Proof comes from a premise or premisses and an argument. For instance:
(1) All cats have fur.
(2) Fluffy is a cat.
(3) If Fluffy is a cat, then Fluffy has fur.
(1) and (2) are premisses. (3) is an argument. If the premisses are true and the argument is reasonable, we have proof that Fluffy has fur.
The problem usually is trying to establish that your premisses are true. Events occur in time. To actually say that an event happened requires evidence of its occurance. Evidence can be eyewitness accounts and the current effects of the event's occurance. For instance we may have:
(A) A live, furless cat with a collar bearing the name tag "Fluffy."
(B) a pile of white curly hair near the cat.
(C) a hair clipper.
(D) a 10 year old boy with bleeding scratches all over his forearms. He denies having shaved the fur off the cat.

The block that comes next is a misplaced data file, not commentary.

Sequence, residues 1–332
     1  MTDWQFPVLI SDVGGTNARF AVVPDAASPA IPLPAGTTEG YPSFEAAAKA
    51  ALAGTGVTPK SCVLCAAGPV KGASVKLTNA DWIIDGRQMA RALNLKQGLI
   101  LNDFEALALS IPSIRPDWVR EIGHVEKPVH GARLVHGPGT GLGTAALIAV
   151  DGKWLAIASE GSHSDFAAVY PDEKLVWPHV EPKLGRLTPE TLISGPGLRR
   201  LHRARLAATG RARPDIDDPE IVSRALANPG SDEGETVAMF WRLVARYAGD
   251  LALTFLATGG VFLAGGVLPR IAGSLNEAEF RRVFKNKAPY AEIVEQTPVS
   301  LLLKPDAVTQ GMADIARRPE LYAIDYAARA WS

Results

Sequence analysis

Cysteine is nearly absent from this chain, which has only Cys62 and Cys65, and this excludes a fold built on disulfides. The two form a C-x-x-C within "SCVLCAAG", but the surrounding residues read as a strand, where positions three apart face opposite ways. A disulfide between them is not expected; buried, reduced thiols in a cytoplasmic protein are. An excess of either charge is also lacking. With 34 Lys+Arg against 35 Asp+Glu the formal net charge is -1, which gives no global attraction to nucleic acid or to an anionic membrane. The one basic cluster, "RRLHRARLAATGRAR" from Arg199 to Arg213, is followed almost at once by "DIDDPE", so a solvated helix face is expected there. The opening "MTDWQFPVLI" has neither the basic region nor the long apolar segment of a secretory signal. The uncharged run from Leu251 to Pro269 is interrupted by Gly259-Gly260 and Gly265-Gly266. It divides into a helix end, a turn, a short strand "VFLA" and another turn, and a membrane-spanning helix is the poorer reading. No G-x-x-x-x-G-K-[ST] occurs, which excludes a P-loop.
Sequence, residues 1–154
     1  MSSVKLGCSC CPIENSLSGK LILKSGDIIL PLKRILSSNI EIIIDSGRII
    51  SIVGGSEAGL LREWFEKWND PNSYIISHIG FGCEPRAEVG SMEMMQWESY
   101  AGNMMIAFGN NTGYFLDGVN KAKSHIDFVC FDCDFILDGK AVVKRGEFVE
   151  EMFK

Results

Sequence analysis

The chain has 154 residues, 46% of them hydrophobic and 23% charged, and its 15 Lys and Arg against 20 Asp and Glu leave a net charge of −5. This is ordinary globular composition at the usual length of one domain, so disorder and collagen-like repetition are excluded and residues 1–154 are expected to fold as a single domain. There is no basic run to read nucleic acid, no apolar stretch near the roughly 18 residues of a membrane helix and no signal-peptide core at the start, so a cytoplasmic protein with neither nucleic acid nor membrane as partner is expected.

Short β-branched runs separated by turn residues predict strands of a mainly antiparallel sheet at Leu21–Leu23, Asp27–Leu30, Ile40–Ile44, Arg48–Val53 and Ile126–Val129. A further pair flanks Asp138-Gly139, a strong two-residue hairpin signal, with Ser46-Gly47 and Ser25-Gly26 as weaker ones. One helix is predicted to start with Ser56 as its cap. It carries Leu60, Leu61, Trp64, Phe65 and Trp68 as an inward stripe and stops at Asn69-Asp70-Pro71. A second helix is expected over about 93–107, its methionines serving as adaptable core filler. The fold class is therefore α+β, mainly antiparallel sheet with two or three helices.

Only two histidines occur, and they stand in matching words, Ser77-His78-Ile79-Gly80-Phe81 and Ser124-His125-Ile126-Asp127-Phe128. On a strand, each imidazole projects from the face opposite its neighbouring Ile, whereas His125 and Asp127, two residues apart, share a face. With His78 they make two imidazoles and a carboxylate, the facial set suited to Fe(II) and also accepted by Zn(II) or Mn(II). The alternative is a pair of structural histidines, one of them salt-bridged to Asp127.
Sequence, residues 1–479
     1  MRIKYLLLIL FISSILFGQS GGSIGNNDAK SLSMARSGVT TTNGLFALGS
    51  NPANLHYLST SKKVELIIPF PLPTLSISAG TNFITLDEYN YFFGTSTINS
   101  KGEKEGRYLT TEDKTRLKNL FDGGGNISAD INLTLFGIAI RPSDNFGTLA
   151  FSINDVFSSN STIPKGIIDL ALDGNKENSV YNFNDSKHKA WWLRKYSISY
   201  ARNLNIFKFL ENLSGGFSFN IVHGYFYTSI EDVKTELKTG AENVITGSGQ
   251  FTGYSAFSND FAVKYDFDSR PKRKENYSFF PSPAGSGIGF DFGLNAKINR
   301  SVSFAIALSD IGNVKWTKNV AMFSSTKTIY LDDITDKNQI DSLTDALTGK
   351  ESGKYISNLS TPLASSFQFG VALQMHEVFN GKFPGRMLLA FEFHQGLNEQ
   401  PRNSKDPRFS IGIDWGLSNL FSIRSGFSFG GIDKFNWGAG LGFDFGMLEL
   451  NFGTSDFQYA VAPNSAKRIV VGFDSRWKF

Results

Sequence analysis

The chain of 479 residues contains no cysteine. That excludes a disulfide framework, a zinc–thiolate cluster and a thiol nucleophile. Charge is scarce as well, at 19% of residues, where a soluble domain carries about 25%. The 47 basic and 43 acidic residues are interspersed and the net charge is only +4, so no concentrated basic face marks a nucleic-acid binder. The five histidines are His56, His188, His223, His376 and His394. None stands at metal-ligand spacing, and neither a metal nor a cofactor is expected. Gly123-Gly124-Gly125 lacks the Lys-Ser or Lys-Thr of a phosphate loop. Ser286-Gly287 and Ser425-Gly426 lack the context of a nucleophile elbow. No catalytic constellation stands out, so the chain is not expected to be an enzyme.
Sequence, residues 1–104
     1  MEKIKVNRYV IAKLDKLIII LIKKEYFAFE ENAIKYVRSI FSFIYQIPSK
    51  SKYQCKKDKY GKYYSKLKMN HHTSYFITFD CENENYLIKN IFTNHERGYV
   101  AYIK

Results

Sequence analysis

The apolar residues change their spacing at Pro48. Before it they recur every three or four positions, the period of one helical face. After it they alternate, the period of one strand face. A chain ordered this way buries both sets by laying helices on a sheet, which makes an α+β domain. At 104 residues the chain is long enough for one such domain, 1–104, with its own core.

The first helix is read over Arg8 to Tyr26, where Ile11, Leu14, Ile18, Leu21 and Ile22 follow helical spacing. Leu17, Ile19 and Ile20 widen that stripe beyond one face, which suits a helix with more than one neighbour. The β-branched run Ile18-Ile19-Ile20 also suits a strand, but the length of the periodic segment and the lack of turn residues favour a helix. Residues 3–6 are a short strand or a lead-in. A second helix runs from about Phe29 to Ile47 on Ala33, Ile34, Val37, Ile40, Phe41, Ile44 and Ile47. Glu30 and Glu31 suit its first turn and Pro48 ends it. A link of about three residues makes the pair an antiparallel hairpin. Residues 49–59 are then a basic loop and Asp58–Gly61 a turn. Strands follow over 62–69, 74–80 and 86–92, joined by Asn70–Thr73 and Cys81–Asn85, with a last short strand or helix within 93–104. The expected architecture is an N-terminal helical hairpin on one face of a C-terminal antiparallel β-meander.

(E) a 7 year old girl who claims to have seen the boy shaving the fur off the the cat.
(F) finger print the boy. We lift finger prints off of the clipper. They match.
(G) call in a veterinarian. She says the scratches on the boy's are are consistant with the scratches that the cat could have made.
(H) test the blood on the cat's claws. The DNA of the blood on the cat's claws matches the boy's DNA.
(I) test the DNA of Cat. The DNA of the pile of curly hair on the floor matches the cat's DNA.
Items (A) through (I) are evidence. But until someone puts together a logical, inductive argument using the evidence as premisses, there's no proof that Fluffy ever had any fur or that the boy shaved it off.